Now, when I want to sideload books onto my Kobo, I move the .epub files to the staging folder, connect the Kobo to my computer, and double-click that script file. The script copies the contents of the folder over to the Kobo, and in the process, converts any .epub files to .kepub in transit.

A while back I noted that, though WriteFreely (the backbone of my site's social hub) federates via ActivityPub, the way that it broadcasts short posts limits the usefulness of that feature. By default, posts written with WriteFreely go out to ActivityPub services (e.g. Mastodon) as a title and a link back to the original post. If the post has no title, then the federated message uses the first several words of text instead.

After some searching, I found the reason for that. ActivityPub handles a few different content types. For text, there's the [Article] type and the more abbreviated [Note] type. Microblog services like Mastodon mostly handle [Note] type content, but WriteFreely posts go out as [Article]. Truncated text with a link back to the original is how the federated platforms handle the mismatch.

I brought the issue up on the WriteFreely discussion boards, and then on the development team's GitHub. Lo and behold, they've responded! The next version of WriteFreely (v0.13) will incorporate the ability to tag posts as [Note] rather than [Article], which should allow WriteFreely users to, in effect, post straight to federated platforms, rather that sending out every post as a link back: https://github.com/writeas/writefreely/pull/220#issuecomment-685786603

Much thanks to Matt Baer for being so responsive.

“[James H. Cone] did not resolve the tension between Christianity and Black Power by choosing one over the other. Instead, he resolved the dilemma by integrating King's protest theology with Malcolm's black consciousness.” https://link.springer.com/article/10.1007/s12111-020-09485-4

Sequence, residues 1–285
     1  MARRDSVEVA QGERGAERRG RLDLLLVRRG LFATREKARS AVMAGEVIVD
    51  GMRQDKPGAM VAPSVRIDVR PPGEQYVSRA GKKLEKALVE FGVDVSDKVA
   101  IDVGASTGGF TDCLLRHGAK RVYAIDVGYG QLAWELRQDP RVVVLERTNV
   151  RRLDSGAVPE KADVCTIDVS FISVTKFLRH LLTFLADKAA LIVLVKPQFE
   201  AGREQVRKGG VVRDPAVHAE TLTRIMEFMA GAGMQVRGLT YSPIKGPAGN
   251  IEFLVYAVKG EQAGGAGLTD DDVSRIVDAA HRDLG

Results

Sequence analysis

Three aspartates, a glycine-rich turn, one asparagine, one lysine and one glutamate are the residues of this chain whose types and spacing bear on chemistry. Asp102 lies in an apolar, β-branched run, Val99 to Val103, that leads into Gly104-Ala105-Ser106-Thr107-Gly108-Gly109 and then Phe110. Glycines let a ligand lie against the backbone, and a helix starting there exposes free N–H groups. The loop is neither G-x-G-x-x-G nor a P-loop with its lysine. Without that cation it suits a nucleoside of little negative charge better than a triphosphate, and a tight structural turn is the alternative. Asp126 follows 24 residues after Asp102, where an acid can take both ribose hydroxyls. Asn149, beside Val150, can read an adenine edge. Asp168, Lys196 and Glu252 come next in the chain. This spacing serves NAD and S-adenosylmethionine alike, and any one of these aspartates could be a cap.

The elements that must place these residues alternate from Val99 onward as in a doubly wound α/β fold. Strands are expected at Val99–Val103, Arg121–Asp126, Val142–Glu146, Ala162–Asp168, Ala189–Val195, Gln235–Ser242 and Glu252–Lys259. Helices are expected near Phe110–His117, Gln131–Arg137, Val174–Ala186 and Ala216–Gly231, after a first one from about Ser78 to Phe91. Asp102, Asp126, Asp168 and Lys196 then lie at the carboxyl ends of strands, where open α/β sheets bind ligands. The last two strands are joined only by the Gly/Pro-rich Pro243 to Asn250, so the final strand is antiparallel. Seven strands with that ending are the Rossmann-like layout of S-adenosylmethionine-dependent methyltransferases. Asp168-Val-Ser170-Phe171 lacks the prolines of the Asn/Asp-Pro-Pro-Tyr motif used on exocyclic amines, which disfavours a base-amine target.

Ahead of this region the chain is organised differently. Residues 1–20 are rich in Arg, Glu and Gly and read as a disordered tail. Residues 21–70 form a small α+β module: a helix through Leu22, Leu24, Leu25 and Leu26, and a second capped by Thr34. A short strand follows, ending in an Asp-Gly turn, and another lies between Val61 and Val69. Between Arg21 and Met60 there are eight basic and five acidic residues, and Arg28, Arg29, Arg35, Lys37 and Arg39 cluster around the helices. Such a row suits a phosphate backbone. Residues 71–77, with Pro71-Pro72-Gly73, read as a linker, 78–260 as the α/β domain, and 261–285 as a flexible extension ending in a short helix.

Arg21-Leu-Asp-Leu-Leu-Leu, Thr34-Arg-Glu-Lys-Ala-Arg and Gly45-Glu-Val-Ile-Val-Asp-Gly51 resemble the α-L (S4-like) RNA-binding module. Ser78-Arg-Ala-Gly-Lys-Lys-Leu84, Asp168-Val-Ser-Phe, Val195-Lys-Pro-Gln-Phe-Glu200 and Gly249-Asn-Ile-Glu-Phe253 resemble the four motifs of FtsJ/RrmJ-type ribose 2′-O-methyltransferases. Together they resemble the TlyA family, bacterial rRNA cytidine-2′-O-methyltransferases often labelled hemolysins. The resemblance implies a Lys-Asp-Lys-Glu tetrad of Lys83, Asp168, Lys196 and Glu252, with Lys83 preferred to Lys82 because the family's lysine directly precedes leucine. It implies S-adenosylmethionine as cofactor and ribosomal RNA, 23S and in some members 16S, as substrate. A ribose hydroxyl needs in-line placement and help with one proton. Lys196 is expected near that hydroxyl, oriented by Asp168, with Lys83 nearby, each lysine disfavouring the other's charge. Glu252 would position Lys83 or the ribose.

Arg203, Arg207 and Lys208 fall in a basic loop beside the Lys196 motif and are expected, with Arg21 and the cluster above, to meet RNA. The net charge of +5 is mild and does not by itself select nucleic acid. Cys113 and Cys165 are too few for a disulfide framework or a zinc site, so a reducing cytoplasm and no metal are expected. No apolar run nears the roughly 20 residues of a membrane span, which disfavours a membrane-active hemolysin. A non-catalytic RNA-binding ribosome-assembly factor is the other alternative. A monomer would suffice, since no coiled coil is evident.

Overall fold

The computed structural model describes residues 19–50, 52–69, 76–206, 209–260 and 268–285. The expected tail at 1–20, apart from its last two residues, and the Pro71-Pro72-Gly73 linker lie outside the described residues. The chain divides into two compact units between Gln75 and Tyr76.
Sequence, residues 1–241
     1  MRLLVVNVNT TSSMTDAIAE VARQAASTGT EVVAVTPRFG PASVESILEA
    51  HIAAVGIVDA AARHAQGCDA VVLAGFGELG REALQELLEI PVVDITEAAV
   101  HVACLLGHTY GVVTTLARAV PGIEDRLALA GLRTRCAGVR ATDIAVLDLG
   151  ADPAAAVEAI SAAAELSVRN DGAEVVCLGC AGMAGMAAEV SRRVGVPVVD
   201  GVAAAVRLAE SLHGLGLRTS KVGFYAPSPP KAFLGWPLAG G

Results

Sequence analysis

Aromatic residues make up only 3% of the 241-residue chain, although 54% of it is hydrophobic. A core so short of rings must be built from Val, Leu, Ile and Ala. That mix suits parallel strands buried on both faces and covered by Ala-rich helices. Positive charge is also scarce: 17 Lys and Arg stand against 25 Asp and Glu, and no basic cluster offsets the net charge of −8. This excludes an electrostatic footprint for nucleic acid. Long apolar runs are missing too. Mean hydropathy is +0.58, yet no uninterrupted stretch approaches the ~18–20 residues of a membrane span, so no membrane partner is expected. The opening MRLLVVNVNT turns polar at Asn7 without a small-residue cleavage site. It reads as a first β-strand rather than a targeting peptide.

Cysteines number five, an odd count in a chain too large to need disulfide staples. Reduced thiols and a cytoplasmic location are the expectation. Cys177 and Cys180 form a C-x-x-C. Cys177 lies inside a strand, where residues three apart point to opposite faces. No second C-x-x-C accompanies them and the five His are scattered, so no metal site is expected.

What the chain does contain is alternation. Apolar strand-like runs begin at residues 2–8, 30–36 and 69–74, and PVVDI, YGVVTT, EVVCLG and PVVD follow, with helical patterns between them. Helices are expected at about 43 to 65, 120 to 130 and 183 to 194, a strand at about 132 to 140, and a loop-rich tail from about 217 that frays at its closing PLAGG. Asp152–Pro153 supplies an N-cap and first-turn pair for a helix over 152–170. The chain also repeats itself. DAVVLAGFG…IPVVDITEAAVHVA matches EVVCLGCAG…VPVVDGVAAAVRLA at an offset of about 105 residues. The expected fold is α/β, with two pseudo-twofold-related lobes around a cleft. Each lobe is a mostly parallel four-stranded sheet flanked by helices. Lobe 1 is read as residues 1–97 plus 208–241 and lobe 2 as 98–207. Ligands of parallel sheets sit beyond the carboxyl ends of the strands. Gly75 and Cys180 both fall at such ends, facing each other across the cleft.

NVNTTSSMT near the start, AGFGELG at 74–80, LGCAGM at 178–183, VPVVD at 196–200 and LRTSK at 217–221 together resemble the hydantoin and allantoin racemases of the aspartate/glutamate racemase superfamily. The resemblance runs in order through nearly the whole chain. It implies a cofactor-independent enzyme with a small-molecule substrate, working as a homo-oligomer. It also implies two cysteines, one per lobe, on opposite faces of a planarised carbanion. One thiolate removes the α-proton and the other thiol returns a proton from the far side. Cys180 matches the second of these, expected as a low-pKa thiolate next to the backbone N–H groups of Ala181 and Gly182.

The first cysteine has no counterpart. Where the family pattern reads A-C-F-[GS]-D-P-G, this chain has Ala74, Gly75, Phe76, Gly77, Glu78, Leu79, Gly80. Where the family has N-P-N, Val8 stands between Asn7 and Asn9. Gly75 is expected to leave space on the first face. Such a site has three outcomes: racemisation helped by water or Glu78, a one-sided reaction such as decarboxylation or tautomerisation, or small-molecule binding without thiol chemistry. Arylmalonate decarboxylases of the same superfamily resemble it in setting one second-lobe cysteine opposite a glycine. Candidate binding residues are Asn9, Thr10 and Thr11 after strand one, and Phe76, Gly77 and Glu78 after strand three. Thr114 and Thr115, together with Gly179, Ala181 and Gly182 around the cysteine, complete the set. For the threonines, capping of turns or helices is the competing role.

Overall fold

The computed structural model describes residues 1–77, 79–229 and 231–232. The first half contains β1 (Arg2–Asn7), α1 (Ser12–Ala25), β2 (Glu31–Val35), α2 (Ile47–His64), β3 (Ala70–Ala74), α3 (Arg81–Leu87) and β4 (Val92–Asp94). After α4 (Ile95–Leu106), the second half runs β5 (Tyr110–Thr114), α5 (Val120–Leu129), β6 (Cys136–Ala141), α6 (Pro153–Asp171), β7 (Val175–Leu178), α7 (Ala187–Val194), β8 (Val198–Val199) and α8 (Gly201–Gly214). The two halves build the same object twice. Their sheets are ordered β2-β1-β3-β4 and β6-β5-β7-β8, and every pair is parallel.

A slight hitch: I had counted on short posts distributing to Mastodon unmodified. Turns out, that isn't how writefreely federates. Rather, the text gets truncated, with a link back to the original post. Not ideal from my POV, so I've submitted it as a feature request here: https://discuss.write.as/t/full-text-when-federating-short-posts/1642

By way of warning: I may occasionally post about politics in this space — primarily U.S. politics, since that's the most relevant to my circumstances, but also international politics when it suits my interest. But I plan to favor the longview here, leaving the day-to-day news cycle for my Twitter account.

Writefreely is now up and running on the social.lrhodes.net subdomain. Fediverse users can follow @lrhodes@social.lrhodes.net. May possibly mirror to my Twitter account, as well.

The aim is to use this feed as a personal hub for activity falling under the general rubric of “social media” — links of interest and notes too unformed to qualify as essays.